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Lynne Curry: Do you say yes when you want to say no?

Lynne Curry

You're a person who makes things happen. You're a problem-solver, an achiever. Give you a goal and you go for it. Ask you to accomplish a challenging task and you turn on the energy.

This achieving, problem-solving energy makes saying no difficult. You're used to saying yes and if asked to take on a new project, you add it to your list. Somehow, it's easier to say yes and work 'til midnight than to say no.

What happens if you say yes when you wish you'd said no? You take on more assignments than you can accomplish. Because too many yeses swamp you, your productivity or work quality dips. Also, even though you don't say no directly, you may say no through resentment.

Would you like to say no when it's in your best interest? First, short-circuit your immediate yes. Currently, you probably say yes first and ask questions later. Often, you're then surprised by the task's complexity or the time commitment to which you've now obligated yourself. For example, when someone asks you to give them a ride home and you've said, "Sure, no trouble," you find yourself driving 20 miles out of your way.

Asking, "What do you have in mind?" or "What would be involved?" also gives you the ammunition to turn down the request. For example, if someone asks you to join a committee and you ask, "What time commitment would that involve?" and learn, "A meeting a week for two months," you can say, "I'd rather just be a resource to your committee because I don't know if I can squeeze that many meetings into a huge workload." This lets you help out while avoiding a yes you later regret.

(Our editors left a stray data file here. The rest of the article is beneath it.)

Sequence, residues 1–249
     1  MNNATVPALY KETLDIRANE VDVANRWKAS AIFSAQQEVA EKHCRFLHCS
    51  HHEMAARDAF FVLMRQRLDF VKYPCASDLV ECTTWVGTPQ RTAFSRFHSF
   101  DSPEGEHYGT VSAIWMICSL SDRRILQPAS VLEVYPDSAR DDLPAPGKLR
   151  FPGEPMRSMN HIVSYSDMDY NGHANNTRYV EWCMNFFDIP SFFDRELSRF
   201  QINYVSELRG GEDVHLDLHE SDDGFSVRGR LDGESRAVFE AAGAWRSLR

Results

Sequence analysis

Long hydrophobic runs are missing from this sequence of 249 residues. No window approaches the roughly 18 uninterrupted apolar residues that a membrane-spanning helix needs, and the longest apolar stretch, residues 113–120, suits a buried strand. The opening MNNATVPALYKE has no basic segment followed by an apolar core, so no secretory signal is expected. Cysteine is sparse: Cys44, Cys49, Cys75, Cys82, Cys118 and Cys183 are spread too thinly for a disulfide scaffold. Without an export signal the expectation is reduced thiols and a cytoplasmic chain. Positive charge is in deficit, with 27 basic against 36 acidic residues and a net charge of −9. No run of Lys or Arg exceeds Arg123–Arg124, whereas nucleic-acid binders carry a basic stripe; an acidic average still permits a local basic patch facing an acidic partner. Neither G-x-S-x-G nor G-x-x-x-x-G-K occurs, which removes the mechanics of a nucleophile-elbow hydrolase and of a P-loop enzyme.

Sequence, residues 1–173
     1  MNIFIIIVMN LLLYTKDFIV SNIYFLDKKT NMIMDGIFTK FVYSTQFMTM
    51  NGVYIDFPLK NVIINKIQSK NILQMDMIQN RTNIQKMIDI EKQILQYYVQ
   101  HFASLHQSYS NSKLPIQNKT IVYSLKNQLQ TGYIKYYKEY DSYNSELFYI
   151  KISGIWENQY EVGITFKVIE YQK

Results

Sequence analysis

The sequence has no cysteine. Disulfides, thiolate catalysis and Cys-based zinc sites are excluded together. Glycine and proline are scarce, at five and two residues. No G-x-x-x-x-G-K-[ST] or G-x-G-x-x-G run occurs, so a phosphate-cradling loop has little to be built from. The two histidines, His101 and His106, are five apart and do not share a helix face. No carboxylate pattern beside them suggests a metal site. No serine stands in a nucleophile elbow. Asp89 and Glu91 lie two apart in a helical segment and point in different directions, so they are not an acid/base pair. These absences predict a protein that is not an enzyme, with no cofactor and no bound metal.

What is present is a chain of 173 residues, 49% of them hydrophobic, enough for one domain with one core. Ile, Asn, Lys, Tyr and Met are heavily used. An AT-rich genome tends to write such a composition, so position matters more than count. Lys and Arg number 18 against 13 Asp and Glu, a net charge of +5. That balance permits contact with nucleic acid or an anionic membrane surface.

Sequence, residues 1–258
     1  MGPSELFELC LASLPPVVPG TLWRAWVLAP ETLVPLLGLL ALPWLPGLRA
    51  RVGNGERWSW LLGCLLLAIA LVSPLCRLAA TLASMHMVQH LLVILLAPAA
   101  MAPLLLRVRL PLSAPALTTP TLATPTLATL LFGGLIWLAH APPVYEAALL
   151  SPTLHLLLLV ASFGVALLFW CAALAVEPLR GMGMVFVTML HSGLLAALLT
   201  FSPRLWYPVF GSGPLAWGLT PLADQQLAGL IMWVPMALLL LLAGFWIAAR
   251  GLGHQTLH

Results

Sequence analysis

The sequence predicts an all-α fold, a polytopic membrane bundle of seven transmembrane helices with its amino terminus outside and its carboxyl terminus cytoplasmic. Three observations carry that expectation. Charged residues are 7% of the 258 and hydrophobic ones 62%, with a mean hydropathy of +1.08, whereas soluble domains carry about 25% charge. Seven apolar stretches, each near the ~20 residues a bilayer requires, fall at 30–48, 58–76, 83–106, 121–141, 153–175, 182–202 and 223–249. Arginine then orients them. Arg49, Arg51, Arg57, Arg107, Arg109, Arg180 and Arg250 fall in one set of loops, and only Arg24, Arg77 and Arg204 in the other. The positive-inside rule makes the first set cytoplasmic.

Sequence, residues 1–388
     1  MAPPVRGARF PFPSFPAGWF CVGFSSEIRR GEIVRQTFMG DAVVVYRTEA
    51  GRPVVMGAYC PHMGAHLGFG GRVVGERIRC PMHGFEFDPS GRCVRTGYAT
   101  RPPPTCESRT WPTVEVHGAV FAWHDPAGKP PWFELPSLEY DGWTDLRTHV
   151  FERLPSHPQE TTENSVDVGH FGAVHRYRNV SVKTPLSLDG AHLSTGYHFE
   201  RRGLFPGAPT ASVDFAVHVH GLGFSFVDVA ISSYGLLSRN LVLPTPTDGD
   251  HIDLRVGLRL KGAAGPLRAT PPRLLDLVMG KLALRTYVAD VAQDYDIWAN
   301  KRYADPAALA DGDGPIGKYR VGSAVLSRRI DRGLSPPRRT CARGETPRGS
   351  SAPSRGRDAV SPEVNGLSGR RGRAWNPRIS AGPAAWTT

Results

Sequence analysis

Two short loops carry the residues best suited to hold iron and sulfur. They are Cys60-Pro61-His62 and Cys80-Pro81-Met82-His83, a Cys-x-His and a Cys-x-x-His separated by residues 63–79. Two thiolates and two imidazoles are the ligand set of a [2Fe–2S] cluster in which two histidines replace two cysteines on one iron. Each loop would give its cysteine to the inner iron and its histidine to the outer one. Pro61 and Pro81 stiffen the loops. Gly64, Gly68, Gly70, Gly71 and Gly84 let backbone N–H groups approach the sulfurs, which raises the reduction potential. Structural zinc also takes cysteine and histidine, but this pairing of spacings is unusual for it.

Further, asking questions such as, "How much time would be involved?" and "What else would be involved in that commitment?" lets the requester know you're considering the request. Saying no after fleshing it out lets the requester down more gently than an immediate, "I can't help you, I'm sorry." If saying no makes you feel guilty, this helps neutralize your guilt.

Second, pause to consider the consequences of saying either yes or no. By assessing consequences, you prevent yourself from saying yes before you look at what a yes does to you and your workload.

If you say yes to a co-worker, does that divert you from the priorities your boss expects you to accomplish? Those who say yes to too many tangential activities sell their own job and priorities short. This doesn't mean you can flatly say, "That's not in my job description," to every request -- helping co-workers out occasionally supports the entire team. Additionally, you generally want to say yes to tasks given to you by your supervisor that will develop your talents or help your company grow.

When you do say no, say it directly. While you can give a brief, convincing explanation so the requester understands the reason for your no, avoid excuses; others see through them and would rather be told no than suffer through a layer of phony excuses.

You can also provide a partial yes. For example, if your employee asks to be sent to training, on company time, you can say, "We can't afford that. However, if you go on your own time, we'll pay half."

The bottom line: make a thoughtful choice between yes and no.

Dr. Lynne Curry is a management/employee trainer and owner of the consulting firm The Growth Company Inc. Send your questions to her at lynne@thegrowthcompany.com. You can follow Lynne on Twitter @lynnecurry10 or through www.workplacecoachblog.com.

 


Lynne Curry
The Workplace